Jayson Blair, the New York Times journalist who was forced to resign in 2003 when it was discovered that he had plagiarized and simply made up some of his stories, is back in the news having reinvented himself as a life coach. Blair now has a position with Ashburn Psychological Services in Virginia as a certified coach, something that has caused more than a few raised eyebrows in the media.
The story of Jayson Blair embodies the soul of the Chironic journey that we call the “Wounded Healer.” This archetype is well-known in the psychological field and originated in the work of Carl Jung who is quoted as saying “Only the wounded physician heals.” It is the experience of being wounded that provides the compassion required to assist others in their own healing journey.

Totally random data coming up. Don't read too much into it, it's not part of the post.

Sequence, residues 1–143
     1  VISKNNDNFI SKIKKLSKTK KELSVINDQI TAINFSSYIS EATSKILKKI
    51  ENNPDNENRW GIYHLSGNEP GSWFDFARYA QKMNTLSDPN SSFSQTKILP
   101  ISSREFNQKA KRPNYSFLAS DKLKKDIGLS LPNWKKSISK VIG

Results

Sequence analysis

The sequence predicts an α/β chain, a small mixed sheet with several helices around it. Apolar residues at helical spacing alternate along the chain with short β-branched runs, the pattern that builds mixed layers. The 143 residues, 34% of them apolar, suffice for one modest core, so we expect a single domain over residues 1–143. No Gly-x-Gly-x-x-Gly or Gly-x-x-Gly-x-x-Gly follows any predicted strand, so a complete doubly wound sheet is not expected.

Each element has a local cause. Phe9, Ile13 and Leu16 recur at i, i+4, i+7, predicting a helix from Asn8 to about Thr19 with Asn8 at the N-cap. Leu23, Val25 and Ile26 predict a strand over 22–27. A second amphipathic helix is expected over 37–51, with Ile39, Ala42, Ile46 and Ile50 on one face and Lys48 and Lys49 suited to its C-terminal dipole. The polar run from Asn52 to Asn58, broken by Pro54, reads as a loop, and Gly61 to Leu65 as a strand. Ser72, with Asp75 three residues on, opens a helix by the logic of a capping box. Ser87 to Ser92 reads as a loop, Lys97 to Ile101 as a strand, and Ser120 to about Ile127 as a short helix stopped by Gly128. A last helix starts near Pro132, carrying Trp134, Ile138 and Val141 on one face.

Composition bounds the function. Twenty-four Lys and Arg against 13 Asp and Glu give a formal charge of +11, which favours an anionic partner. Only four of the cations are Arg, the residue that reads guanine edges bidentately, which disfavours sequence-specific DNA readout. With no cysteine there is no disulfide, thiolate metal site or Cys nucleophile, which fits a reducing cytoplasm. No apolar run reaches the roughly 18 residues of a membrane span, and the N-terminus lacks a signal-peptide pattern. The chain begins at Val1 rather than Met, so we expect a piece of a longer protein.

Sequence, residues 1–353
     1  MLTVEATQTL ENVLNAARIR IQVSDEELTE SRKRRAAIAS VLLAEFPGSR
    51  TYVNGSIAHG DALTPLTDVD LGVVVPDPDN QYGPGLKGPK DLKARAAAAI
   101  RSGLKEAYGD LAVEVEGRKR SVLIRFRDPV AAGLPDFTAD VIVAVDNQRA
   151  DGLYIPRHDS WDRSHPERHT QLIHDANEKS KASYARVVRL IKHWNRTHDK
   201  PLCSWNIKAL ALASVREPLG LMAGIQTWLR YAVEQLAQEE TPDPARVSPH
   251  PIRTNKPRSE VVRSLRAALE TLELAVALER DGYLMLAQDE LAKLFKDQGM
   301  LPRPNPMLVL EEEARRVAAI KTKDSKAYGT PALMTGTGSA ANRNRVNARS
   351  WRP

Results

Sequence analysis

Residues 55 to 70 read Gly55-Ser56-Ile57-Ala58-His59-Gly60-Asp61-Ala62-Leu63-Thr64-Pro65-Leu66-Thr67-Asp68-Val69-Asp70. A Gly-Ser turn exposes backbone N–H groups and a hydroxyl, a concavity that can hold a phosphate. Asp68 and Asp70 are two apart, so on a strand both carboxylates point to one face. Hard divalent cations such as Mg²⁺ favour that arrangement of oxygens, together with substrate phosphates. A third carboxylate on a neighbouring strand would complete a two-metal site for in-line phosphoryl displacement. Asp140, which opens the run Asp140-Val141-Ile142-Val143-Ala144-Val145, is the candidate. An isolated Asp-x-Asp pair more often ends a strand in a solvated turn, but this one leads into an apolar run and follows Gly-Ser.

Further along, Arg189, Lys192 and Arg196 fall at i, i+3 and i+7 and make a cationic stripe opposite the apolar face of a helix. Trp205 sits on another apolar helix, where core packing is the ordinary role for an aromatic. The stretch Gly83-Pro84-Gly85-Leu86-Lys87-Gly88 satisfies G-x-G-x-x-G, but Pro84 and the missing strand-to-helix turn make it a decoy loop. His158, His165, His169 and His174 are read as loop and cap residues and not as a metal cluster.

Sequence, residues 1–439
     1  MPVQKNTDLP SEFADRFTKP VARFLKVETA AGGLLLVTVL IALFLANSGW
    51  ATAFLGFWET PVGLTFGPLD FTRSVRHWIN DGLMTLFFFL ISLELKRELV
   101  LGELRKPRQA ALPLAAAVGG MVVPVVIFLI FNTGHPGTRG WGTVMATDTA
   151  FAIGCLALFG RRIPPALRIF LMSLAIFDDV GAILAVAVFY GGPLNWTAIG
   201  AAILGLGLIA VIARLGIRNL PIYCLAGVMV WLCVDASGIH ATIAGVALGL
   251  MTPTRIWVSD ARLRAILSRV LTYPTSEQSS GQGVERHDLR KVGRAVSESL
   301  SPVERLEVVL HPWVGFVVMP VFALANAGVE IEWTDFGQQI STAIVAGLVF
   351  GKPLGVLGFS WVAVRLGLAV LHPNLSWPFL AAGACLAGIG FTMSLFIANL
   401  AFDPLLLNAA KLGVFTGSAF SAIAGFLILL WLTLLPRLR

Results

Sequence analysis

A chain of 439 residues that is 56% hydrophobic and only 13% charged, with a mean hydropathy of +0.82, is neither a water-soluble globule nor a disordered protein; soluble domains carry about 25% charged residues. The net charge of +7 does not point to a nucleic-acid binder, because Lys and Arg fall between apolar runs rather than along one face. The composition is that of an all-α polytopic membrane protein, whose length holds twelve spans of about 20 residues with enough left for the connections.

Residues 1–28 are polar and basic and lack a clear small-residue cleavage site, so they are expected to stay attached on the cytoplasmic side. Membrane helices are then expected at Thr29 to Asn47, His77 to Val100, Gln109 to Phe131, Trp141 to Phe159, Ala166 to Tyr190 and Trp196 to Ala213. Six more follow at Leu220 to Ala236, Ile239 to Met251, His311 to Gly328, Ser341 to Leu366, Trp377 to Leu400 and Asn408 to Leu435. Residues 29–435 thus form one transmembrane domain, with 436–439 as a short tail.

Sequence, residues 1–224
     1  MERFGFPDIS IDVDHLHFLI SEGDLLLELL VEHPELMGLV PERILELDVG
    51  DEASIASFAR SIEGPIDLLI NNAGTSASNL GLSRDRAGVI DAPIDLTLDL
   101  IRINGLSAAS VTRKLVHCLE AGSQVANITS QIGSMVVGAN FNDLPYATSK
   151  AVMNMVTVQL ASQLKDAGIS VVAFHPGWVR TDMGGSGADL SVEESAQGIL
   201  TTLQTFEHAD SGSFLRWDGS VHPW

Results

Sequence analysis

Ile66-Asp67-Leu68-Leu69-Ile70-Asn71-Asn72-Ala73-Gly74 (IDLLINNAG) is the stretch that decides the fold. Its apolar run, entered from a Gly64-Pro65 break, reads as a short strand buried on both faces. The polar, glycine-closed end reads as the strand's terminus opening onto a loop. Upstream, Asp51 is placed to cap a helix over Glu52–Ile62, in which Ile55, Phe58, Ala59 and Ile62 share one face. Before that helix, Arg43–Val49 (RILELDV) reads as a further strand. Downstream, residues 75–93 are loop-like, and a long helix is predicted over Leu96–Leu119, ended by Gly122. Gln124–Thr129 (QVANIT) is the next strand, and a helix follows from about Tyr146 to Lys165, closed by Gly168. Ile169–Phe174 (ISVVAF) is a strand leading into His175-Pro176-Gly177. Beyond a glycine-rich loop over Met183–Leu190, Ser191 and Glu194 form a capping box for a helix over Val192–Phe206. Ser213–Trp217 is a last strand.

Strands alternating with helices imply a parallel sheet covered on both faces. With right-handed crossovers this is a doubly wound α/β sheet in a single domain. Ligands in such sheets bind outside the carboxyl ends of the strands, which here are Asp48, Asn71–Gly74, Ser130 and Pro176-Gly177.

Blair, an African-American, was blessed with a trail of success beginning with his stint as editor-in-chief of the student newspaper in college and continuing through his meteoric rise at the New York Times. But his entire career he was dogged by questions and accusations of fabrication and reporting errors that were largely ignored until April 2003, when he was fired from the Times. Blair’s rise through the Times was largely attributed to the desire for a more diverse workplace and the Blair story led to a lively national debate on the merits of affirmative action although Blair’s career paralleled that of Stephen Glass, a white reporter with the New Republic whose demise was chronicled in the film “Shattered Glass.”
According to Jayson Blair’s birthchart (March 23, 1976, time unknown, Columbia Maryland), he has the Sun in Aries and it form a challenging square to Mars, the ruler of Aries. Mars and Aries are both fiery influences that […]